There are two possible explanations for James Comey’s decision to announce last week that he was examining emails that “appear to be pertinent” to the investigation of Hillary Clinton’s use of a private email server.
One explanation, which I tend to believe, is that Comey, the director of the F.B.I., set out to interfere in the campaign on behalf of the Republican Party, a shocking act that would render him unfit for his powerful office.
(In that scenario, the aim may have not primarily been to help Donald Trump, but to preserve the Republican majorities in Congress, which suddenly seemed in danger this fall. Can you imagine how intense the pressure on Comey from the Hill must have been following his announcement this summer that the investigation was being closed?)
The other possible explanation is that he acted out of what you might charitably call a sense of moral rectitude. I think it’s better described as self-righteousness — a dangerous current in modern right-wing politics that has its roots in the rise of the Moral Majority, which aimed to make politics a choice between good values (the right’s) and bad values (the left’s) rather than a competition of ideas.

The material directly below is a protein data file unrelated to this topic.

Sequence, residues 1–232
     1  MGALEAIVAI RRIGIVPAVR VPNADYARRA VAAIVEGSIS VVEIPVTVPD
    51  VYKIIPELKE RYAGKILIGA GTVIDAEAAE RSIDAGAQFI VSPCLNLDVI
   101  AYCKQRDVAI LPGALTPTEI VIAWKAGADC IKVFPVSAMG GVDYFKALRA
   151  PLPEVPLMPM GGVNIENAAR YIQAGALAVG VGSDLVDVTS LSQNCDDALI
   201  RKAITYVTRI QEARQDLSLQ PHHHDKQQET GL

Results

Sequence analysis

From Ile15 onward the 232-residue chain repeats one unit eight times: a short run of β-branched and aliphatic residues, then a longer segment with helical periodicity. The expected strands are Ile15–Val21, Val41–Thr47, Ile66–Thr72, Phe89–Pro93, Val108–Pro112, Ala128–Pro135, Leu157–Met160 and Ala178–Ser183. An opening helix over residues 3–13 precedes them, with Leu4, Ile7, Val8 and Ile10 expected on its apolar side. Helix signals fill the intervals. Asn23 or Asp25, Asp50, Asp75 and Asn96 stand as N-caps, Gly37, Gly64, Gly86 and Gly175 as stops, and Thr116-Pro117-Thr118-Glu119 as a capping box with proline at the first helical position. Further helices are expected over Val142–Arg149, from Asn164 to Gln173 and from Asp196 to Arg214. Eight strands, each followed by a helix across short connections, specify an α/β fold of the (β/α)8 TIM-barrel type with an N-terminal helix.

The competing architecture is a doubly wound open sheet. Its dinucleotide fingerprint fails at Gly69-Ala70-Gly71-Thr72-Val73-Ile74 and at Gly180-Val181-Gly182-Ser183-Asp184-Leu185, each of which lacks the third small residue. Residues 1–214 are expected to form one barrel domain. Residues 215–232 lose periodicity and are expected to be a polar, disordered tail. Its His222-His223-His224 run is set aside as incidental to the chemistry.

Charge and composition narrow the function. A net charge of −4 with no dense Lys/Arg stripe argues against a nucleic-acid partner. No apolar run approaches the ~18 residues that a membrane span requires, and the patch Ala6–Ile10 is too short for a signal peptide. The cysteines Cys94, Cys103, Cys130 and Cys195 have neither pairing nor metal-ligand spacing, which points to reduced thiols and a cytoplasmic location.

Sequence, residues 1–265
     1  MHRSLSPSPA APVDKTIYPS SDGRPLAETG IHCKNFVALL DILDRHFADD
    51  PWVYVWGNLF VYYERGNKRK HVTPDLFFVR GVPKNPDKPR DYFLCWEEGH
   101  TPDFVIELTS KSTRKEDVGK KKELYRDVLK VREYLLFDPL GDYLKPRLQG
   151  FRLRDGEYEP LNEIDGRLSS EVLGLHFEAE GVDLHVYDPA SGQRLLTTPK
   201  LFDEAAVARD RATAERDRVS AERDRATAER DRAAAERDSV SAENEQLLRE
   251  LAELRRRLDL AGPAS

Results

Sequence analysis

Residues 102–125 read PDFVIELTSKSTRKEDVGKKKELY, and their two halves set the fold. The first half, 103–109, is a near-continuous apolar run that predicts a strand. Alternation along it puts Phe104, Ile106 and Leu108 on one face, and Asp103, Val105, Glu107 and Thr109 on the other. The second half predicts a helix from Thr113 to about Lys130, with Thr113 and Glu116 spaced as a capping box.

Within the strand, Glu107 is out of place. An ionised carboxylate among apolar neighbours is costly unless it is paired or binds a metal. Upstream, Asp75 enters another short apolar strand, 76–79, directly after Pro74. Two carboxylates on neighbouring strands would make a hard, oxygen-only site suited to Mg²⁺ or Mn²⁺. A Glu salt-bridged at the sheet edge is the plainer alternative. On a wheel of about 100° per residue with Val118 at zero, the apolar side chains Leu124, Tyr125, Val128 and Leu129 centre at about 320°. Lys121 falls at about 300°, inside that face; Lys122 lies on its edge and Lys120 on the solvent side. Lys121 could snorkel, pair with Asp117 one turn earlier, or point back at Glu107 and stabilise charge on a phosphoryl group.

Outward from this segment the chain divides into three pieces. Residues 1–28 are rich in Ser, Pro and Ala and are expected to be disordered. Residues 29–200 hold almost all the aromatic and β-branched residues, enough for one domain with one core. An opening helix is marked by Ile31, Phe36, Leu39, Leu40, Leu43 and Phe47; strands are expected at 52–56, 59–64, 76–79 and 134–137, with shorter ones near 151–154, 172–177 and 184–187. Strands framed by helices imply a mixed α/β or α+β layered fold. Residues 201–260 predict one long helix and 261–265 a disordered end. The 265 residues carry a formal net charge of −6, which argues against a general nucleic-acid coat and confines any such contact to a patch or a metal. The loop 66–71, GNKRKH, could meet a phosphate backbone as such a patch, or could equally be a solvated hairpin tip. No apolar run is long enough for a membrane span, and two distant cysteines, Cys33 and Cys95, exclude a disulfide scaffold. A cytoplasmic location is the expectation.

Certainly, Comey was not acting out of respect for protocol, ethics and procedure.
We know his announcement went against policy and tradition, which call for the F.B.I. to stay out of politics. Earlier this year, in fact, the F.B.I. decided not to pursue cases involving Trump and Clinton to avoid meddling in the election. The Justice Department strongly urged Comey not to make his recent statement about the so-called new evidence.
What law enforcement officer, by the way, announces that he is going to conduct a search before even obtaining a warrant?
Comey’s former reputation as an upstanding guy was based on one gutsy act — stopping President George W. Bush’s minions from getting a barely conscious Attorney General John Ashcroft to authorize Bush’s illegal wiretapping operation while Ashcroft lay in an intensive care unit.